Every week in clinic families ask me about strategies to help with children who awake before the sun is up. We all thrive with improved, uninterupted, prolonged periods of sleep at night. Particularly on those Saturdays where an extra hour or two of sleep can be life-sustaining for exhausted parents to toddlers and preschoolers. Because of our boys’ early schedules, late last year Santa conveniently dropped off an incredible tool: a toddler teaching clock. The clock has helped our 3 year old know when 7 o’clock rolls around. And we’ve made a deal with boys for 2012: no leaving their bedroom until 7 appears on the screen. And so far, it’s working–we’re batting about .900. Learning to play quietly on their own in the early morning has been a great benefit, too.

Toddlers and preschoolers between 1 and 3 years of age need about 11 to 13 hours of total sleep within 24 hours (night time and nap combined). Sometimes no matter what time bedtime starts, early morning awakenings continue to happen. As many parents learn, moving bedtime later doesn’t always shift the time a child awakens in the morning. But with time, shifts in schedules sometimes improve that Saturday morning sleep…

Dr. Craig Canapari, a pediatric pulmonologist and sleep expert in Boston helps explain some reasons for these uber-early wake-ups and what we can do about it:

Why does my toddler get up so early in the morning?

This is a common, and challenging issue. When assessing these issues, I always see if the parents have realistic expectations. Most little children are morning people, which is a real challenge if you are a night owl like me. To expect your child to sleep past 6:30 AM is usually unrealistic. Some children naturally wake up between 5:30-6:30 AM. I have a couple of suggestions to help relieve this reality:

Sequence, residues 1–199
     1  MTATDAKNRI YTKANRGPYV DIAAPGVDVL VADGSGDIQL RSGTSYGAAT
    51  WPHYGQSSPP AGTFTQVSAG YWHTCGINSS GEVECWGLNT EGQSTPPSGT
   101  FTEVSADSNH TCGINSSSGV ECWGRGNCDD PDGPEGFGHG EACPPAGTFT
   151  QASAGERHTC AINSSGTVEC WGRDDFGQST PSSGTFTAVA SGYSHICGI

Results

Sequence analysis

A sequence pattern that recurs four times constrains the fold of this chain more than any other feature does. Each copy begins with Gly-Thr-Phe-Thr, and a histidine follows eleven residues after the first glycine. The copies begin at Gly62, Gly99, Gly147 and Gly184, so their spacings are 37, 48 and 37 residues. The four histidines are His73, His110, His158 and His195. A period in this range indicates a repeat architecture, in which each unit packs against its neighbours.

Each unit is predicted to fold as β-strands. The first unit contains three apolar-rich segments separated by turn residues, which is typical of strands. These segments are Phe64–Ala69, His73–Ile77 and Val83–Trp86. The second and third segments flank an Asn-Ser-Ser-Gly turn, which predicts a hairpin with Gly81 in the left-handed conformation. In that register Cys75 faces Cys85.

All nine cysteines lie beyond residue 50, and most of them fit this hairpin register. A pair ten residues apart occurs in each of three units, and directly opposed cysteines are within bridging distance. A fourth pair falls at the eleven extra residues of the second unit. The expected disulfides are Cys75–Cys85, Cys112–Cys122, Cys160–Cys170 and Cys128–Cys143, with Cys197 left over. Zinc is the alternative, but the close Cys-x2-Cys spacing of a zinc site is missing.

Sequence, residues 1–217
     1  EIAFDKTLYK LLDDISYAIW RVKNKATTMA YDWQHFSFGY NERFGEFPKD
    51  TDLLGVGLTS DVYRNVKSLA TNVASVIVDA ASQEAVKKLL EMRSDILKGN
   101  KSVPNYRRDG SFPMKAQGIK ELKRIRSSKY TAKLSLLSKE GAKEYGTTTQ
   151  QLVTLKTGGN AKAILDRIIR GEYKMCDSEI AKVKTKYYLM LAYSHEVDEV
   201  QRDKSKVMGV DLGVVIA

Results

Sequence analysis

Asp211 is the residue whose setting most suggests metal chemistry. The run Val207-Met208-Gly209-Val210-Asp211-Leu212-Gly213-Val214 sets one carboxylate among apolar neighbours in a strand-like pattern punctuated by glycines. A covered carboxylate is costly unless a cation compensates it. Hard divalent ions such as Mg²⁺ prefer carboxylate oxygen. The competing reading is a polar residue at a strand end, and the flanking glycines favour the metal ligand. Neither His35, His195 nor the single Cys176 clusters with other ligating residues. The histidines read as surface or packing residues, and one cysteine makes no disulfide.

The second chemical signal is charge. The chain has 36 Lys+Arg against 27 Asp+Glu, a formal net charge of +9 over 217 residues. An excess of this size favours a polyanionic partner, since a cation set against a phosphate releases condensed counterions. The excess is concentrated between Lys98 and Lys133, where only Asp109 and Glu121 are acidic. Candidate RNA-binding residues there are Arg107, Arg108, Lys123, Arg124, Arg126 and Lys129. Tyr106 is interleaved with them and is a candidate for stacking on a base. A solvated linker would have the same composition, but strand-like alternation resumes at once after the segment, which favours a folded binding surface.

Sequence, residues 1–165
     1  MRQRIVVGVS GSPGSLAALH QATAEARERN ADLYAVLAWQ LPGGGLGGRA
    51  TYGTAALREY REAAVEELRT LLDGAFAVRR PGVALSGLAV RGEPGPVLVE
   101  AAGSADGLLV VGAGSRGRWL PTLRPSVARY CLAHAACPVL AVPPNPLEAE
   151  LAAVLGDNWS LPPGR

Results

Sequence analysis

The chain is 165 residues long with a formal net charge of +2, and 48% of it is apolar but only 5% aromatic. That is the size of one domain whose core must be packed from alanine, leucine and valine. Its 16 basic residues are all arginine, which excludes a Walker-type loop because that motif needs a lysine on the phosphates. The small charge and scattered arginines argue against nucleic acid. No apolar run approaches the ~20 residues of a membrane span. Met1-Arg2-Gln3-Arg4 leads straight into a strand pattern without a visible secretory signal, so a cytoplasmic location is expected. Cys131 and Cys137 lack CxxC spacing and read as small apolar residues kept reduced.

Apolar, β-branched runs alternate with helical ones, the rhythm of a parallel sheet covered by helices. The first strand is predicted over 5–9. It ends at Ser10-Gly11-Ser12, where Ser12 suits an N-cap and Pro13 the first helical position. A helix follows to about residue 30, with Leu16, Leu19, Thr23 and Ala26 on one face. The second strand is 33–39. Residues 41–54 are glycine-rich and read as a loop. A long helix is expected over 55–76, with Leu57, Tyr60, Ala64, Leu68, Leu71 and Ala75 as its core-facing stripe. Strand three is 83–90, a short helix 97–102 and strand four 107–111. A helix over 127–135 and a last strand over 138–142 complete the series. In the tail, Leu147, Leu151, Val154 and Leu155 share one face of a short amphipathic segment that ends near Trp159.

• Minimize ambient light. Those black out shades are expensive but they may be worth it. Most kids are really light sensitive.
  • Adjust the sleep schedule. Children 1-3 years old will sleep between 11-13 hours a day, with 9.5-10.5 hours at night. If your child is going to bed before 7-7:30 PM I would move the bedtime a bit later, although it may take a week or two for this strategy to bear fruit.
  • Wake up clock: This may work with older toddlers or preschoolers. Set up a timer with a light that indicates an acceptable time for them to expect you.
  • Check sleep associations: If your child wakes up quite early then seems tired and irritable in the morning, they may have a sleep association as noted above. This is most common in a child who is brought into the parents’ bed at 4-5 AM. Pretty soon, they start to wake up looking for this. We went though a month with my son at six months of age where I was laying on the floor with him with a pillow and blanket every day at 4:30 AM (pathetic, I know). It didn’t get better until we started just getting up with him at that time.

Sleep problems are common in this age group, with 30% of parents reporting issues. If you are consistent many of the issues will resolve with time. If you are having difficulties, definitely see your pediatrician who can help you out.